“The measure of an education is that you acquire some idea of the extent of your ignorance.”
â€œThe child is the starting-point, the center, and the end. His development, his growth, is the ideal>
Child and the Curriculum
This description of a principal of a school in Newark is spot-on for leadership in troubled public schools:
â€œHeâ€™s not the Joe Clark kind of tough… He doesnâ€™t strong-arm kids. He knows that you have to show them that you care about them and wonâ€™t give up on them, and every kid, no matter how big, wants to feel safe. Then you just have to be consistent.â€
I loved this quote, p.36:
“Listening for the particularities of students in a classroom highlights the improtance of going beyond unitary catogories such as race, class, gender, sexuality, ability and (dis)ability.”
Man, writing is hard.
Self: en dash is the short dash. It’s used for closed range things and for linking things together.
An em dash is the long dash. Quoting from the wiki:
The em dash indicates a sudden break in thoughtâ€”a parenthetical statement like this oneâ€”or an open range (such as “John Doe, 1987â€””). The em dash is used in much the way a colon or set of parentheses is used: it can show an abrupt change in thought or be used where a period is too strong and a comma too weak. Em dashes are sometimes used in lists or definitions, but this is not considered correct usage[citationÂ needed]: a colon should be used instead.
a teacher came in and said, “I’m not here to teach you ______.Â I’m here to teach you how to score well on ___ exam.”
In other words:
“I’m not here to teach you history. I’m here to teach how to score well on the AP US History exam.”
Would anyone honestly admit that the two can be incompatible?
“the manner in which the machinery of instruction bears upon the child…really controls the whole system.”
1902, cited in Tyack and Cuban, Tinkering toward Utopia (1995).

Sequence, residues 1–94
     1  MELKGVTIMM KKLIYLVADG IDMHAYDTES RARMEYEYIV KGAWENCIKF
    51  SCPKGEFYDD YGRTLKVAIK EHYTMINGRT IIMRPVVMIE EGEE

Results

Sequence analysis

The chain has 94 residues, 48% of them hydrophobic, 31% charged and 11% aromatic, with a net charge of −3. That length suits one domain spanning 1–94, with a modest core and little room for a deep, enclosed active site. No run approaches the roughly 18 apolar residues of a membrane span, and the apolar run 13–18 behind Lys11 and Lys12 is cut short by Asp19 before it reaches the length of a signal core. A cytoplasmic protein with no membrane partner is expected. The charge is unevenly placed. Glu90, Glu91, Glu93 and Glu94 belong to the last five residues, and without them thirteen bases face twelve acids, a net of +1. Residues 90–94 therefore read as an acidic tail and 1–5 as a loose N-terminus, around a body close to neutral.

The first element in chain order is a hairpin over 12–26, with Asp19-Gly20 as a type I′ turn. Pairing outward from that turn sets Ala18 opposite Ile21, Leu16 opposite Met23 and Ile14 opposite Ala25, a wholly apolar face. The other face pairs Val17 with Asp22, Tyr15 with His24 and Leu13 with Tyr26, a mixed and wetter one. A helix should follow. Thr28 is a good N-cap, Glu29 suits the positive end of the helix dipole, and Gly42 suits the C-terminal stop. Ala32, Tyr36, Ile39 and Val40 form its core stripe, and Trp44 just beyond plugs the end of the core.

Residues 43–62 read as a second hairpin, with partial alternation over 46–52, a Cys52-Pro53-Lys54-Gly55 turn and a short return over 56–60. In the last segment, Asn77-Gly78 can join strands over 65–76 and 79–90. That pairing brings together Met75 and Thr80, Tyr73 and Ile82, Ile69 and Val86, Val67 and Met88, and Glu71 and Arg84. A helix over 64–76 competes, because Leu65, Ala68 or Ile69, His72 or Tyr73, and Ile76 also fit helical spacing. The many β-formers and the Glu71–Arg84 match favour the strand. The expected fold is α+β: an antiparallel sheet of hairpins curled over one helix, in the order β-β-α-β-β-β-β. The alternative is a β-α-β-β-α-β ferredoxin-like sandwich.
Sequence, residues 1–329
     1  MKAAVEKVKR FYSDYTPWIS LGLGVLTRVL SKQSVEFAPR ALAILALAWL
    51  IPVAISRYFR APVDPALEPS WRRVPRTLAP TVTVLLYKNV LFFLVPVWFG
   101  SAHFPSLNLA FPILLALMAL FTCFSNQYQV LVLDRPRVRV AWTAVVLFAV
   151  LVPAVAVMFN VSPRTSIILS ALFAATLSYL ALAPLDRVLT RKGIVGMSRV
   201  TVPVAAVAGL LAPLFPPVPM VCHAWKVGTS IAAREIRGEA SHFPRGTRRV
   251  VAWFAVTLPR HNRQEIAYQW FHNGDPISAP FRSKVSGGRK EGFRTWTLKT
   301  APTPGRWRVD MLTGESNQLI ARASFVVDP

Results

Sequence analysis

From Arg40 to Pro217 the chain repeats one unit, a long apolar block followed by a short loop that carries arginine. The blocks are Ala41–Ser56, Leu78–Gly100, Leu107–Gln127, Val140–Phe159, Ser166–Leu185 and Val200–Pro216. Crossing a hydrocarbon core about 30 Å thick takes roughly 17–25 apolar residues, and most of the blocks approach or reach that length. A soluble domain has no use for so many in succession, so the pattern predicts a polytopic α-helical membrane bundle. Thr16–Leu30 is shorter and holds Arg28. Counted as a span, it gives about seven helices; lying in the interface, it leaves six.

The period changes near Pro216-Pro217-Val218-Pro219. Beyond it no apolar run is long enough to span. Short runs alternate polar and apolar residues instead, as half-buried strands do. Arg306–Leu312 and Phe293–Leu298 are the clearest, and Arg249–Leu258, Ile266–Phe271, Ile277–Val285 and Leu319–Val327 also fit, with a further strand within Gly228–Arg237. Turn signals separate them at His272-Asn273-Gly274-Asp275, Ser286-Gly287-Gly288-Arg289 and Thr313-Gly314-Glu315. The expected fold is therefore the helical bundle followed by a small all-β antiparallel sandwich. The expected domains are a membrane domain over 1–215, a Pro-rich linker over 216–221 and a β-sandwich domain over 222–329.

Most of the papers are posted here.
The winter edition of Souls opens with this quote from W.E.B. Du Bois:
We are prisoners of propaganda. The people of the United States have become completely sold to that method of conducting industry which has been so powerful and triumphant in the world for two centuries that Americans regard it as the only normal way of life. We regard the making of things and their purchase and sale for private profit as the chief end of living. We look on painting and poetry as harmless play. We regard literature as valuable only as handmaiden to industry. We teach business as a science when it is only an art of legal theft. We regard advertising as a profession when it teaches the best way to lie. We consider the unselfish sacrifice of one to the progress of all as wasted effort. Wealth is the height of human ambition even when we have no idea how to spend it, except to make more wealth or to waste it in harmful or useless ostentation. We want high profits and high wages even if most of the world starves.
Putting aside questions of right, and suspecting all our neighbors as being as selfish as we ourselves are, we have adopted a creed of wholesale selfishness. We believe that, if all people work for thier own selfigh advantage, the whole world will be the best of possible worlds. This is the rat race upon which we are set, and we are suspicious and afraid of folk who oppose this program, and plead for the old kindliness, the new use of power and machine for the good of the unfortunate and the welfare of all the world of every race and color.
Essay entitled “The Negro and Socialism” 1958.
Russell Baker surveys Stephen Miller’s new book, Conversation: A History of a Declining Art, in a recent issue of the New York Review of Books, .
What I liked was his description of what makes a good conversation:
Both participants listen attentively to each other; neither tries to promote himself by pleasing the other; both are obviously enjoying an intellectual workout; neither spoils the evening’s peaceable air by making a speech or letting disagreement flare into anger; they do not make tedious attempts to be witty. They observe classic conversational etiquette with a self-discipline that would have pleased Michel de Montaigne, Samuel Johnson, or any of a dozen other old masters of good talk whom Miller cites as authorities.
This etiquette, Miller says, is essential if conversation is to rise to the level ofâ€”well, “good conversation.” The etiquette is hard on hotheads, egomaniacs, windbags, clowns, politicians, and zealots. The good conversationalist must never go purple with rage, like people on talk radio; never tell a long-winded story, like Joseph Conrad; and never boast that his views enjoy divine approval, like a former neighbor of mine whose car bumper declared, “God Said It, I Believe It, And That Settles It.”
I’d like to snip this and put it in the opening portion of my next few syllabi…